A New Business Location Choice Model for Transport Demand Forecasting: Theory, Calibration and Application to the Knowledge-based Industries in the London-Cambridge Corridor in the UK
Y Jin, Cambridge University, UK
We report an innovative demand forecasting tool based on theories of scale economy and agglomeration, and tractable formulae using data for detailed industries and zones
Robust business location modelling is a prerequisite for realistic medium and long term transport demand forecasts, which is in turn a foundation for dependable appraisals of alternative transport investment, regulatory and pricing scenarios.
Integrated land use activity and transport modelling ? i.e. a joint forecast of activity location and travel demand which take account of the interactions between them ? has been accepted as a sound theoretical approach to medium and long term transport demand forecasting. However, within such models, the representation of business activity location choices (including both transformation of existing businesses and setting-up of new businesses) remains an Achilles? heel: the theoretical models do not reflect such key influences upon business location decisions as economies of scale and agglomeration; the implemented model structures often have little or no empirical basis.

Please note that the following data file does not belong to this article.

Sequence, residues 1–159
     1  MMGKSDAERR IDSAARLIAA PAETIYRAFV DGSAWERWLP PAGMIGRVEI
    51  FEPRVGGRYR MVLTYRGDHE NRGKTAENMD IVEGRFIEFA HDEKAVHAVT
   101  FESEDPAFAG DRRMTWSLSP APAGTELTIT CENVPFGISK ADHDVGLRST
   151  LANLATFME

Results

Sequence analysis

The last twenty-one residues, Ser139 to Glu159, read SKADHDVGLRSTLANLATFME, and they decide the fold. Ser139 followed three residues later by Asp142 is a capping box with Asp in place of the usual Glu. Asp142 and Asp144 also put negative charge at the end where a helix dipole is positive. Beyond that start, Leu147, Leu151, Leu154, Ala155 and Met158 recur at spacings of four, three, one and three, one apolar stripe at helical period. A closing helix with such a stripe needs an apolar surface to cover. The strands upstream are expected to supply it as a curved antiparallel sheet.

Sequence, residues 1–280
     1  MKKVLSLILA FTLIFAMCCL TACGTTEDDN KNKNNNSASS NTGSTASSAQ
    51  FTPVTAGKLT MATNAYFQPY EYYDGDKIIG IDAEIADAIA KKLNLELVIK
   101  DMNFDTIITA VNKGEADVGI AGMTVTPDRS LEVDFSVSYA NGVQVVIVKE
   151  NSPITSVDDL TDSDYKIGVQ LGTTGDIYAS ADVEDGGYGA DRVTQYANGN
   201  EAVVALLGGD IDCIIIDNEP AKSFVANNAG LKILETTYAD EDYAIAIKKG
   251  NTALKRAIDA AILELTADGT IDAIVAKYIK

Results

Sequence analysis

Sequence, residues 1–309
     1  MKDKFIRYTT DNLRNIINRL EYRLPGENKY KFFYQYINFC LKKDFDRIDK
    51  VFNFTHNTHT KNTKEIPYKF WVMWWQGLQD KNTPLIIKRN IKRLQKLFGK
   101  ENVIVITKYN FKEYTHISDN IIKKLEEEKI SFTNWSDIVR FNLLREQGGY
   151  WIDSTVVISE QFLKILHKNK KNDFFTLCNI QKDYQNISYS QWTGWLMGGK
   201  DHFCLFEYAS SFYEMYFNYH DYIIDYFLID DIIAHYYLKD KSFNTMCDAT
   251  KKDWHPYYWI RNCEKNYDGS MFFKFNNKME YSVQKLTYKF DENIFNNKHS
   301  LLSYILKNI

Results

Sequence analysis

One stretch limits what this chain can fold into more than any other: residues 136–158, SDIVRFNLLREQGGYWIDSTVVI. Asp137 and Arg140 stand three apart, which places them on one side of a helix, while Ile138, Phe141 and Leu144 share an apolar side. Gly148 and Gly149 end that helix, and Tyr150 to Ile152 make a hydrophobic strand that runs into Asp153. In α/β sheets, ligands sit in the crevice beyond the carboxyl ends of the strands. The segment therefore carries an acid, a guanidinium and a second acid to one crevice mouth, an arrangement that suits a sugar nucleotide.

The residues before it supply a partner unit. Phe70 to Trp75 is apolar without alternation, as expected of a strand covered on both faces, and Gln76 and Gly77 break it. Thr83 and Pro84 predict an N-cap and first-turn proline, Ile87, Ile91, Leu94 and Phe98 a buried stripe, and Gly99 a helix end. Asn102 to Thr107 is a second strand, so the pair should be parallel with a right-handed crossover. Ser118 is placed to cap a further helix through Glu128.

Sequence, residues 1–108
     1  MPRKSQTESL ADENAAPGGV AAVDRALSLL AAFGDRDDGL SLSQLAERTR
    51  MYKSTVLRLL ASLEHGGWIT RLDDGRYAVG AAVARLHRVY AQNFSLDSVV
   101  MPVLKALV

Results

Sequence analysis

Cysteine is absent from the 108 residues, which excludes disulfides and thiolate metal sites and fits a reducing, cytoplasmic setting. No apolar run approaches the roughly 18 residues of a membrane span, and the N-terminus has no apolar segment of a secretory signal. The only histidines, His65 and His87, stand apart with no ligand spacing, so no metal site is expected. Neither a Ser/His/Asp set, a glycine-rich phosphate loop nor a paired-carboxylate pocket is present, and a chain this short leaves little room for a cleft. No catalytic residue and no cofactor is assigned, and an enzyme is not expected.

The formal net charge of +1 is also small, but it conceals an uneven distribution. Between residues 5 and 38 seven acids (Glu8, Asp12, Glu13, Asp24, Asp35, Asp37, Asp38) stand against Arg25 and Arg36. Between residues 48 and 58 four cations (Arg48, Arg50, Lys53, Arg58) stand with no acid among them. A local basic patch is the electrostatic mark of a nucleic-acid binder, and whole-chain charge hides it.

This paper presents a new and innovative travel demand forecasting tool that incorporates business location responses under alternative policy scenarios. Its theoretical formulation is based on New Economic Geography theories concerning scale economy and agglomeration effects, whilst its empirical formulae are tractable and calibrated using empirical data for detailed industry sectors and a large number of geographic zones.
Both passenger and freight demand (including vans) are modelled. The business floorspace rentals provide a lagged feedback to the supply of business floorspace overtime, under land use restraints. Because the new business location models established here incorporates production functions that reflect economies of scale and agglomeration effects, the new business location choice model can be used simultaneously activity location forecasting and assessment of the ?wider?, productivity impacts. Its model structure can also be used to explore hysteresis effects, e.g. in the case of fiscal stimulus in regeneration areas. The application of the theoretical model to the knowledge-based industries (i.e. R&D, creative industries and business services) in the London-Cambridge corridor will be reported.
Association for European Transport